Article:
HMS Lancaster has returned home to Portsmouth, after completing a refit to keep her up to date for the next decade.
The Type 23 frigate has been given new Artisan 3D radar and air defence capabilities, provided by Sea Ceptor, which replaced the old Sea Wolf missiles.
The Sea Ceptor is designed to make HMS Lancaster more effective as part of a strike group, with the increased range of her air defence missiles meaning she can now defend herself as well as other ships.
Other refitting work included cleaning the hull and coating it with anti-fouling paint to prevent damage caused by marine life.
The 4.5-inch gun was serviced, engines and machinery were overhauled while the rest of the ship's areas were revamped.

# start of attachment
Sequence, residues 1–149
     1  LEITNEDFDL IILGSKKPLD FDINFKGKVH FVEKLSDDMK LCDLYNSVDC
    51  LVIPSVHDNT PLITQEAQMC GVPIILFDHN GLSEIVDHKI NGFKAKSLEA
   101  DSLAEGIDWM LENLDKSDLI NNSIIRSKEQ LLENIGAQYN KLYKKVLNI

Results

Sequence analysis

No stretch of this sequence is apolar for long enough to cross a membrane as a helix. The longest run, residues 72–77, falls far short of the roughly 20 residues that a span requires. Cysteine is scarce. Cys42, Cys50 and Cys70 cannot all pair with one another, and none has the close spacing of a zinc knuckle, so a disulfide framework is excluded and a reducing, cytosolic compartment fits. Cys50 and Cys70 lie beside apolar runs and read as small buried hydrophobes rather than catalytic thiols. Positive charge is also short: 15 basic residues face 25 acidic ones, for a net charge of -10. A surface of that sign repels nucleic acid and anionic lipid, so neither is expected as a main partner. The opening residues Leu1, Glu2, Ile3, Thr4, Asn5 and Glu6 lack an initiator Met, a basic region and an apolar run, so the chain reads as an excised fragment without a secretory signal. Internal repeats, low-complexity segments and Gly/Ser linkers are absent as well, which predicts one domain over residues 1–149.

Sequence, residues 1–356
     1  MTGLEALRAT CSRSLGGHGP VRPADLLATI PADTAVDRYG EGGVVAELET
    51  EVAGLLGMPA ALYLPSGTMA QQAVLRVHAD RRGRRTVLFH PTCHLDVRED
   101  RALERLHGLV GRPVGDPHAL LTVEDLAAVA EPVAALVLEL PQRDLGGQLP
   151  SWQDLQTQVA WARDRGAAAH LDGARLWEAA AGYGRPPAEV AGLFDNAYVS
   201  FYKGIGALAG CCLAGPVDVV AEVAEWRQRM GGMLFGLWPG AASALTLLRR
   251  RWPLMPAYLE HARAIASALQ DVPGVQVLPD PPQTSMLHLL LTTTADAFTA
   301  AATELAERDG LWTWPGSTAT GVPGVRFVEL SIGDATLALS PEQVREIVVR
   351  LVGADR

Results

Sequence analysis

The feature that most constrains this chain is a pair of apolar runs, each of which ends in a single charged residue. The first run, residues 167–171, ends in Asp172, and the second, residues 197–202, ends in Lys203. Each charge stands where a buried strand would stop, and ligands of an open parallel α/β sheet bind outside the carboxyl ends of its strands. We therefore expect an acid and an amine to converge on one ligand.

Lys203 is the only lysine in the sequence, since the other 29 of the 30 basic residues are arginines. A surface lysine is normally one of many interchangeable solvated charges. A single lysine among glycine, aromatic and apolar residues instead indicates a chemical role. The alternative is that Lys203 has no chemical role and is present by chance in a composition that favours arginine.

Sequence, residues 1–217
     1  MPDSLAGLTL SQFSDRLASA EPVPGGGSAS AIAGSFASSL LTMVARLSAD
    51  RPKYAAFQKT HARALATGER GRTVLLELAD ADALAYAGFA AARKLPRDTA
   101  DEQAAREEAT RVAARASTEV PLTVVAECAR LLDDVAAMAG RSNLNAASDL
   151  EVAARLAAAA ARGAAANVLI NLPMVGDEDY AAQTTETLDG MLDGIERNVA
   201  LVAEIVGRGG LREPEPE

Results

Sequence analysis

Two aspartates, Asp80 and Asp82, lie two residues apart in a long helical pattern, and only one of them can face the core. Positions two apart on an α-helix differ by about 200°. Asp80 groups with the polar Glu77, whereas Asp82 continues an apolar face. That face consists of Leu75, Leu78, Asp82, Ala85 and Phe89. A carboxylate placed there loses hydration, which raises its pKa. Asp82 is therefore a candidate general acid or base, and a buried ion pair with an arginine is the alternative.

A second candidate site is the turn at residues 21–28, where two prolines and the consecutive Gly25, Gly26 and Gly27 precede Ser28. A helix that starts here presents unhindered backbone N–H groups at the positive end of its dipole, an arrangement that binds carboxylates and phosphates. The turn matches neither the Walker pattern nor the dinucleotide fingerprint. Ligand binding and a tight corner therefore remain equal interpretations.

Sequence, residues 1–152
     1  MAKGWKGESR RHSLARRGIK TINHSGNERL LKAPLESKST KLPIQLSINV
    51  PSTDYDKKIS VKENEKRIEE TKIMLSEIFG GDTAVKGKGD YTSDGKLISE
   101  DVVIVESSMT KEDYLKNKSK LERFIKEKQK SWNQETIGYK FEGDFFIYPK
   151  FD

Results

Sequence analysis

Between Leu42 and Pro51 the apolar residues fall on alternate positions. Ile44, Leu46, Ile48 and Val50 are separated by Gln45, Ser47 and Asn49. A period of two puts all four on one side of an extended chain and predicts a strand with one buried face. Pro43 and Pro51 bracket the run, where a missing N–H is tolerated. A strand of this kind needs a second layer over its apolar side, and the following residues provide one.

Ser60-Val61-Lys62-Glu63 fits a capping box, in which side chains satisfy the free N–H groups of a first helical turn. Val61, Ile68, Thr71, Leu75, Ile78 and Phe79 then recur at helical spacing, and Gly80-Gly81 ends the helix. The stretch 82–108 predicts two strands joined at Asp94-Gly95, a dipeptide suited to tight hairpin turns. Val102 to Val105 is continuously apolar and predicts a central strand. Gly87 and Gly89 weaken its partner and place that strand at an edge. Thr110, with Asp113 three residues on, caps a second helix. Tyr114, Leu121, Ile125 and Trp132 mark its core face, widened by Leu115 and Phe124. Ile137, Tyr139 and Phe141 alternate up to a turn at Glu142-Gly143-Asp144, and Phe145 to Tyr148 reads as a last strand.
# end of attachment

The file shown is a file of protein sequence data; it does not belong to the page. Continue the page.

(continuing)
Commander Will Blackett will take the frigate back to sea early in 2020 to commence equipment trials and crew training.
"The journey to take HMS Lancaster from engineering project, to ship, to warship is well underway. Returning to our base port is an important milestone which all onboard have keenly anticipated," Cdr Blackett said.
"The timing makes it all the more poignant – four years and one day since she left, HMS Lancaster is home for Christmas and looking forward to rejoining the front line in the year ahead."
HMS Lancaster will see out the remaining years of her service life as a Portsmouth frigate until she will be replaced during the 2020s by the Type 31 frigates.
Preparations for the refit commenced four years ago.
Eight of the Royal Navy’s 13 current Type 23 frigates are designated as anti-submarine specialists.
Five, including HMS Lancaster, are general purpose variants and will be stationed at HM Naval Base Portsmouth.
Cover image: HMS Lancaster (Picture: MOD).